Pics should be something like: Stock, gold knobs, then red knobs if this works. O, and the last picture is a goof, too: ten minutes with a clone tool and you, too, can have unrealistically dustless gloss-black pick-guards. That does not happen naturally here. Almost forgot to add the Ibanez stable (minus the Talman).
Great stuff and you can't really go wrong with MIJ RGs and the new Indo stuff is hard to beat at the price.
I dread to think what a one piece quilt maple body would cost now.
 

Andy Eagle

Power User
Next up;
A Vigier.
IMG_2070.jpg
The fit and finish on this is pretty much perfect, even the inside.
IMG_2072.jpg
First thing about these is the 10/90 neck (10% carbon 90% maple). The skunk stripe here is actually the carbon, It goes right through the maple and partly in to the fingerboard replacing the truss rod completely . It is not adjustable in any way but in practice this works perfectly because it never moves whatever string gauge you put on or with the seasons. The relief is fixed at a hair off dead straight ( the ideal ) and in nearly thirty years since it came out I have never come across one that has moved at all.
The neck heel is the old fender type but because the body is thinner it feels more like a modern cut back heel in use.
The strap buttons also use a machine bolt in to a brass insert in the body.
 

Andy Eagle

Power User
IMG_2076.jpg
I actually don't like this locking jack but many do.
The wood and process at Vigier is interesting because they season it real time. They make body blanks and neck blanks (with the carbon glued) and leave them for a full year before finishing. When you get a finished piece the wood has been in the factory for three years.
 

Andy Eagle

Power User
IMG_2074.jpg
Moving string trees and a zero fret. Or should that be 6 zero frets a string damper and teflon nut available for each string gauge set to ensure no sideways movement or pinching. It does work and it stays in tune like a Floyd.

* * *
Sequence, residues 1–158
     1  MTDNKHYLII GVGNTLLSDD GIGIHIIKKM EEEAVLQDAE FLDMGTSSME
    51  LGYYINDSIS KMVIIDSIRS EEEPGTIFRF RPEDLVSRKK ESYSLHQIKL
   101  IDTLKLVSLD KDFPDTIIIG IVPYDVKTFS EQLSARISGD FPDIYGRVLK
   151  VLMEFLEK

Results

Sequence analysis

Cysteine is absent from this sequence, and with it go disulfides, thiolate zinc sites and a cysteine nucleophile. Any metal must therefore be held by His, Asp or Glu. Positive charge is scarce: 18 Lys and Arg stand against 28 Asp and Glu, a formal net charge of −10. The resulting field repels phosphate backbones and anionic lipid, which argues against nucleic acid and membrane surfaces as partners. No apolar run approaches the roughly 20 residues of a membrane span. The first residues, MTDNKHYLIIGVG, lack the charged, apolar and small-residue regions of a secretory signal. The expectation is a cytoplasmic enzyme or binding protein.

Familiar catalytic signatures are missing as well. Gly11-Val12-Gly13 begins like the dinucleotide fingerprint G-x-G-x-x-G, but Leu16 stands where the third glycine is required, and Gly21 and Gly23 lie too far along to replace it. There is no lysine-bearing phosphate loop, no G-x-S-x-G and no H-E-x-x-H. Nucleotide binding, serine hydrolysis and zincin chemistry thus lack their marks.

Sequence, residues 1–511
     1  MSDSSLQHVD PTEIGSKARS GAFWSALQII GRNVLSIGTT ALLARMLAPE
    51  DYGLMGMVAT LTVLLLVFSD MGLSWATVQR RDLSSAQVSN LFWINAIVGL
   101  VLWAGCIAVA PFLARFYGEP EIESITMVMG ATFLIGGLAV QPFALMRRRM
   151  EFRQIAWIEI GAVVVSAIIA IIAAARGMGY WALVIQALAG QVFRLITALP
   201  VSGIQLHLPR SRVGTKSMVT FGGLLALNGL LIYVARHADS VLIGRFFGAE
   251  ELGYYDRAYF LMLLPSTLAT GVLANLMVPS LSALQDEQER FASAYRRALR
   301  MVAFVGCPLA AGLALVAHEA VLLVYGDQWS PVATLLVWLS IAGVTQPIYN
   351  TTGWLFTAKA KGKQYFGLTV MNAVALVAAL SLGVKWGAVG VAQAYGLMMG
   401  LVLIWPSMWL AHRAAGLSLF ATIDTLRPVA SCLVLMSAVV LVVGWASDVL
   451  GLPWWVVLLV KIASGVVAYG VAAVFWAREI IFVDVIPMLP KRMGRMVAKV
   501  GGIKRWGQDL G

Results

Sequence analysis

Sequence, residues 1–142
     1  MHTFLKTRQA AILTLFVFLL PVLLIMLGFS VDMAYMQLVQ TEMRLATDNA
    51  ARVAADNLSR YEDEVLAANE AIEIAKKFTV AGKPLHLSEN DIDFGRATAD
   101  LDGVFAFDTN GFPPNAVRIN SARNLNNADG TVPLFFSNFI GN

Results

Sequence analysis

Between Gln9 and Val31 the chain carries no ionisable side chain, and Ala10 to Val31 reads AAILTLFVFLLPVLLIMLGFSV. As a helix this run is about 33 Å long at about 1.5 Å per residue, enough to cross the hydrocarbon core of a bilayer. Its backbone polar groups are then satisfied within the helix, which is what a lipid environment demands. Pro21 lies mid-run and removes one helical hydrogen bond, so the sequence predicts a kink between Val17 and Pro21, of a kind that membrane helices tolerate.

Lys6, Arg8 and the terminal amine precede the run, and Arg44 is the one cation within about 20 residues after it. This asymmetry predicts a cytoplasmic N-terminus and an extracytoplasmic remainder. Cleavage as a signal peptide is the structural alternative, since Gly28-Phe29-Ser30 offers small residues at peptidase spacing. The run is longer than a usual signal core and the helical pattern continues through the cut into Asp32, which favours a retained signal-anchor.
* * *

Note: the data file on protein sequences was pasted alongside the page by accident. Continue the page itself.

One downside to all this is they really only make one type of neck and one body shape with almost no options. Great sounding, flawless playing guitar though.
 

Dave Merrill

Fractal Fanatic
View attachment 90979
I actually don't like this locking jack but many do.
The wood and process at Vigier is interesting because they season it real time. They make body blanks and neck blanks (with the carbon glued) and leave them for a full year before finishing. When you get a finished piece the wood has been in the factory for three years.
I'd rather the cable pulled out of the jack than the jack ripped out of the guitar or the guitar got yanked off me, by a lot. Locking jack there seems nuts.
 
One downside to all this is they really only make one type of neck and one body shape with almost no options. Great sounding, flawless playing guitar though.

Again, a quality pictorial of one of the - perhaps - less well known makers out there. Keep these coming, they are much appreciated!
On a personal note, I've always been wanting to test out a Vigier superstrat, but I've yet to get a chance. Don't see that many on the market, but that may not be a huge surprise given their playability.
 

rossipedia

Experienced
I guess really the only "modern" guitar I own is a Strandberg Boden Metal 6. It's a very unique guitar, but absolutely amazing. The trapezoidal neck is... interesting. Not sure I like it better than a regular rounded neck profile, but it doesn't hamper my playing. Lightest guitar I've ever picked up, ultra portable, and sounds and plays friggin' amazing.

Just.. don't put D'Addario XLs on it